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Opinion: Not another doomsday prediction for Aussie housing

4 min read

The recent price fall is the first stage of a skydive: controlled, intentional, and with safeguards in place.

Are declining property values the nail in the coffin for Australia’s property boom?


The recent price fall is the first stage of a skydive: controlled, intentional, and with safeguards in place.

The initial drop is fast and exhilarating. Property values have fallen 8.6% since the start of the RBA’s rate hikes in May. But things won’t last. Without structural shakeups, the Aussie property market will deploy its parachute and slow its fall until it eventually hits the ground. Softly.

We are getting early signs that the RBA will stop lifting rates before lowering them, allowing demand to rebound.

While no economist has a crystal ball, they are all reading the same fortune cookie line: that the economic parachute is nearing deployment. There is a consensus that the cash rate will peak at 3.6% to 3.85% before tapering off in the final quarter of 2023. Signs of quantitative easing are welcome news to weary property owners, whose home equity has been a casualty of the fast rate rises.

If the economists are correct and the cash rate falls in 2023, the gates to financial Valhalla will open. Borrowers will find the banks more generous and willing to lend, letting them bid more aggressively for the right property. The increased competition may result in prices rising this year.

You can almost hear the collective sigh of relief from property investors.

If prices rise in 2023, the peak-to-trough fall would be much lower, at around 7% instead of 15-20%. This would dampen the severity of the property downturn and give us the foundation for solid growth into the future. At the RBA’s call, the parachute is about to launch, and the Australian property market will slow its descent.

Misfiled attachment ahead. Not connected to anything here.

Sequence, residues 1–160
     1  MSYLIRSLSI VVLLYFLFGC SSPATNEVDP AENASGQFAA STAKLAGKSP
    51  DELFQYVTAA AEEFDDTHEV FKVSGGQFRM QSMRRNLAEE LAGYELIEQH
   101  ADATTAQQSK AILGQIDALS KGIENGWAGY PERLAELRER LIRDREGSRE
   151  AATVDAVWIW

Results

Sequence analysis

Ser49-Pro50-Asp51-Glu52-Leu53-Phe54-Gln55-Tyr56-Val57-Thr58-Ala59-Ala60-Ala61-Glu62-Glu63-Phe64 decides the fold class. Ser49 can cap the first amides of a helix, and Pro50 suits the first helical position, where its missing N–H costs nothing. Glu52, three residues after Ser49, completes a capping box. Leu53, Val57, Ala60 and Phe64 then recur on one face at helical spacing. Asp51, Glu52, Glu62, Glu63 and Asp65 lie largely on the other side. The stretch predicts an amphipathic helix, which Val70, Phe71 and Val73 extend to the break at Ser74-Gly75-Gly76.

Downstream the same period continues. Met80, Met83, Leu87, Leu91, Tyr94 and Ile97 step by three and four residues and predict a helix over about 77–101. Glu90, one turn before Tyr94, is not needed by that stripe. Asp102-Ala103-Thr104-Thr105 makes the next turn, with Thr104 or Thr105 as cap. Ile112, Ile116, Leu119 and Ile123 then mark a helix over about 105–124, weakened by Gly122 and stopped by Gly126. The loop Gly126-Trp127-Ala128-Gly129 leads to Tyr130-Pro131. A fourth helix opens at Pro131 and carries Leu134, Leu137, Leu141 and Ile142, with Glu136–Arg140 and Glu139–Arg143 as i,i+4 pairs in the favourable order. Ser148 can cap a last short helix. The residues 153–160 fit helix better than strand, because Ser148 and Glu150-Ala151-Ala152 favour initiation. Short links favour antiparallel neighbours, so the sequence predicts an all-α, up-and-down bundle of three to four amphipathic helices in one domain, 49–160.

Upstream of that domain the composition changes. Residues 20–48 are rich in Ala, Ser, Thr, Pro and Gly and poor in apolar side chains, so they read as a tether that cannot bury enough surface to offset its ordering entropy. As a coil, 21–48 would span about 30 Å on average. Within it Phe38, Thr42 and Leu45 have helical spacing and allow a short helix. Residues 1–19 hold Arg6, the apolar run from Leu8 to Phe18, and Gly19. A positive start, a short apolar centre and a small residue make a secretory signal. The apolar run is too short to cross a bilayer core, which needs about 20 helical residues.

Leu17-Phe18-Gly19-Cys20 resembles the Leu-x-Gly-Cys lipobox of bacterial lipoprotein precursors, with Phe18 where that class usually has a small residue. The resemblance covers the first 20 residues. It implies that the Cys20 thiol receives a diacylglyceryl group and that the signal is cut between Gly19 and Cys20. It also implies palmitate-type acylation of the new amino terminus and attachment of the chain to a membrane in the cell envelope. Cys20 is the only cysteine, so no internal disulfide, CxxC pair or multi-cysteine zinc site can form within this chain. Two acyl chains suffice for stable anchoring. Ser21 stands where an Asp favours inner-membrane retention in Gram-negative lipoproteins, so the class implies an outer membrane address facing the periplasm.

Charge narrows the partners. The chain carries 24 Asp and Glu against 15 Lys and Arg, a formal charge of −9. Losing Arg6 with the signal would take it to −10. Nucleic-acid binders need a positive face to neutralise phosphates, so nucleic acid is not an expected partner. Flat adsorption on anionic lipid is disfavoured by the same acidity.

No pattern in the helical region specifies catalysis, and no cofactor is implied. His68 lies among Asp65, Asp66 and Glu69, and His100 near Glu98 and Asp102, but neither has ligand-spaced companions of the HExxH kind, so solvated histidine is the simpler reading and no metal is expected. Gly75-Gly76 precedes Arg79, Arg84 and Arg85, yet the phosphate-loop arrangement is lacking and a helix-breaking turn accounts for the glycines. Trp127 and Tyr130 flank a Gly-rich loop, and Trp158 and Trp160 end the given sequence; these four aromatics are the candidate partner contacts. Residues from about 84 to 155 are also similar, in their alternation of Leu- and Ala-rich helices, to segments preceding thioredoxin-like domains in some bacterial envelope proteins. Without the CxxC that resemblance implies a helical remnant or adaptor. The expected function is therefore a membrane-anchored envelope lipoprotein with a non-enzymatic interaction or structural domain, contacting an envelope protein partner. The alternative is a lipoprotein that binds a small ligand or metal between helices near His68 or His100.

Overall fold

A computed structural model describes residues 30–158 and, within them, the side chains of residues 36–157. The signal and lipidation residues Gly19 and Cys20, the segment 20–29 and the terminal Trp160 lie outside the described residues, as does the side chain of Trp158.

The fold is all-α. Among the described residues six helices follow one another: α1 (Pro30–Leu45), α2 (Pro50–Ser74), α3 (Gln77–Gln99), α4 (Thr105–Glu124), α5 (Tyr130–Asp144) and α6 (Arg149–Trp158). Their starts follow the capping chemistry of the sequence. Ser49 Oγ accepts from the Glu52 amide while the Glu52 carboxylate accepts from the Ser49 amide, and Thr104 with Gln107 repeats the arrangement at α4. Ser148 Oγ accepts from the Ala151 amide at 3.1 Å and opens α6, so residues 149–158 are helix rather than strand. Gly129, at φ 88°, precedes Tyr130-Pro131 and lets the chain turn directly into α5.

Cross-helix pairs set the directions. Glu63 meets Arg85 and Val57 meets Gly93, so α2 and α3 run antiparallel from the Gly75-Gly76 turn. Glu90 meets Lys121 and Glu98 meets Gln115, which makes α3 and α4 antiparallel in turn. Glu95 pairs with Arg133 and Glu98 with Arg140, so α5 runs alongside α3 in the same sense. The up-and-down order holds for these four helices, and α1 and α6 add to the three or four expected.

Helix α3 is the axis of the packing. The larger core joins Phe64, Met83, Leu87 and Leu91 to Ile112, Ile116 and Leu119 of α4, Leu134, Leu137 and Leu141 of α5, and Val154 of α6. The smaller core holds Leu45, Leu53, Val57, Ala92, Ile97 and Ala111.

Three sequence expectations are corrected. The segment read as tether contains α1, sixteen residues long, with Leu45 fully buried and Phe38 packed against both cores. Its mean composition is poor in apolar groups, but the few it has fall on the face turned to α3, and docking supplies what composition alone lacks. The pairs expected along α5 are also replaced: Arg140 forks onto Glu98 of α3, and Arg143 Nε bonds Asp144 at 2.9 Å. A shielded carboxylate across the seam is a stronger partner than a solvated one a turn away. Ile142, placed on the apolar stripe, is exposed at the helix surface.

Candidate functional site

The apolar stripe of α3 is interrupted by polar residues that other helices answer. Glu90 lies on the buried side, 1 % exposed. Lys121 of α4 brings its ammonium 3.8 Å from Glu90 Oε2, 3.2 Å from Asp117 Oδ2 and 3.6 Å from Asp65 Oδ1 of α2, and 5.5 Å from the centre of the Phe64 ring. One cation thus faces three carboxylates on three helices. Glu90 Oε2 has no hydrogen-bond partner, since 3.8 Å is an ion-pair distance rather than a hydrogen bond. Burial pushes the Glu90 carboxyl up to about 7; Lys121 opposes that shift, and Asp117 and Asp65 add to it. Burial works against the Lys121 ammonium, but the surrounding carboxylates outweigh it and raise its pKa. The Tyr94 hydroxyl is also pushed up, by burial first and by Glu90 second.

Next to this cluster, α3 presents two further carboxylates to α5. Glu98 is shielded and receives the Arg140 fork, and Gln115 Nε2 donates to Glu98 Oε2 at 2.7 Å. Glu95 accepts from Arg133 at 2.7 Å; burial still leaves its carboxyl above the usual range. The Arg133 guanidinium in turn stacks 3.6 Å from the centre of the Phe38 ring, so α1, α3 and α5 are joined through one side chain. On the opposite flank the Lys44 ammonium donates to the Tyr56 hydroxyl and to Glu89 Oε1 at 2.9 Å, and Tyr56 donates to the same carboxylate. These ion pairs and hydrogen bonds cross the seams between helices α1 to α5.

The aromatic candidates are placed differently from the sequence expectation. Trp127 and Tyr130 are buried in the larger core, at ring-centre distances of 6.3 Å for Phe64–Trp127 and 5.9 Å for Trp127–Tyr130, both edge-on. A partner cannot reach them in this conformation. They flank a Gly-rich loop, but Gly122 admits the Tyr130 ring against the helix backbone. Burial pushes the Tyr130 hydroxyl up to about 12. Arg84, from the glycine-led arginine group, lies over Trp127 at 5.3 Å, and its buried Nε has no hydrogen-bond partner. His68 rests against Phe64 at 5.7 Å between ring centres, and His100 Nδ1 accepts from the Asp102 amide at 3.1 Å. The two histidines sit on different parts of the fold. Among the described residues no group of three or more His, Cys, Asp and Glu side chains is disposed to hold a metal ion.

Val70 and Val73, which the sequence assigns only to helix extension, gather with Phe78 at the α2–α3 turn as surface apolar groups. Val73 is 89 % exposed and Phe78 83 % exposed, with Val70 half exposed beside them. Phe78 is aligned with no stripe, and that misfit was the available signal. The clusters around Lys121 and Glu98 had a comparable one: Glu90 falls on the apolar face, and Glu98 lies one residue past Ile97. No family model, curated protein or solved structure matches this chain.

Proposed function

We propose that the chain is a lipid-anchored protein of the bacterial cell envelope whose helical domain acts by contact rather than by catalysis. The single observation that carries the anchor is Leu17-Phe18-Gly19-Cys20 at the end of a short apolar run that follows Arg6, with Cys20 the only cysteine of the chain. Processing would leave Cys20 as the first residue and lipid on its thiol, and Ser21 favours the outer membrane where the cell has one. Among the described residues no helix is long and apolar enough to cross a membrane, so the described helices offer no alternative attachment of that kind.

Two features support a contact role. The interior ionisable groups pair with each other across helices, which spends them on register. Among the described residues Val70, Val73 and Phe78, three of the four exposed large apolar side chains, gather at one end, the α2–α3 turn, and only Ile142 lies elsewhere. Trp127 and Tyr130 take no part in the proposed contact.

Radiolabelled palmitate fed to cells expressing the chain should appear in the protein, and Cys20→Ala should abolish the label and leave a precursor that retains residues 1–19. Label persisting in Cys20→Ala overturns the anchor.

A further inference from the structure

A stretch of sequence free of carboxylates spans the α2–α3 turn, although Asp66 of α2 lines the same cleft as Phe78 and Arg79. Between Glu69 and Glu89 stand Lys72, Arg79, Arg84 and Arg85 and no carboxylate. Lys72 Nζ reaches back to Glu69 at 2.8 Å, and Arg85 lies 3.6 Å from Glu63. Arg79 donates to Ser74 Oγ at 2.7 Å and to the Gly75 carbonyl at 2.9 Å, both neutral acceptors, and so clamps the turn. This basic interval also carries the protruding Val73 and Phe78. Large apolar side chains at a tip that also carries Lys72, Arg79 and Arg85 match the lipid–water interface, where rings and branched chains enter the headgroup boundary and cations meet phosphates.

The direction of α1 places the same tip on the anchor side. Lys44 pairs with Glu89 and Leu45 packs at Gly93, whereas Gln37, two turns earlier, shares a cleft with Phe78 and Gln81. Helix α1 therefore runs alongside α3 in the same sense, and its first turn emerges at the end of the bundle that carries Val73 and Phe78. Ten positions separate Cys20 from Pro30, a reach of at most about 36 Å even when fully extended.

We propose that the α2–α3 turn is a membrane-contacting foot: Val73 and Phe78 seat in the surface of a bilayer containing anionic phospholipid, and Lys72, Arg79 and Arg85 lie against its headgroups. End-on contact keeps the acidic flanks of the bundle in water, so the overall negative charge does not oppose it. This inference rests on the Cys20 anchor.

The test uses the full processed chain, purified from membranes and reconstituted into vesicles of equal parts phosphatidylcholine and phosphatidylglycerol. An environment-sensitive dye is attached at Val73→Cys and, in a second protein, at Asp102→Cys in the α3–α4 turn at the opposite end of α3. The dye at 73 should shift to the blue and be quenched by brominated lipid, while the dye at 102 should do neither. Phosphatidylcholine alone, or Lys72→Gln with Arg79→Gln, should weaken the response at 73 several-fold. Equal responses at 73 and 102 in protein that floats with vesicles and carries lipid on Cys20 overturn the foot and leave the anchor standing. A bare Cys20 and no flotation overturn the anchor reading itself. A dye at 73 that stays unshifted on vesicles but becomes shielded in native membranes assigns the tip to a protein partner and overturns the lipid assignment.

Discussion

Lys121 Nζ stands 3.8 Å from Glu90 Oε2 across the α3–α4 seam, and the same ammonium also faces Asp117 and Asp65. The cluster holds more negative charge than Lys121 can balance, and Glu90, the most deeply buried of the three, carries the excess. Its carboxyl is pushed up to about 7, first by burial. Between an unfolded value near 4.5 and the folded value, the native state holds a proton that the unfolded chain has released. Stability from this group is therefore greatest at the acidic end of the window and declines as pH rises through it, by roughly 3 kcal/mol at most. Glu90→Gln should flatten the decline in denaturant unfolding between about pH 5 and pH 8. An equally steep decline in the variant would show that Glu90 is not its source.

Our next safeguard is migrants. With new entrants to the country, demand will stay red hot into the new year.

Australia has one of the most richly diverse populations in the world, and that isn’t about to change.

As our borders open to migrants and our policy settings become more open, we are in store for a surge of new entrants. This is another major property parachute at our disposal. Migrant demand will slow the property price plunge with a needed demand boost.

The government’s new immigration policy will see up to 300,000 migrants enter the country in 2023. It’s a hit of adrenaline for the property market, and it couldn’t come at a better time. By increasing the number of people demanding property, the price goes up. It is the classic rule of scarcity.

This applies to both renters and property buyers. An increase in short-term occupancy floods the rental market with new seekers, lifting occupancy rates and boosting landlord revenues. Permanent migrants go one step further. As they want to settle in Australia, they join the buyer pool for houses and units and increase competition. This raises the stakes on each purchase and results in a price uplift.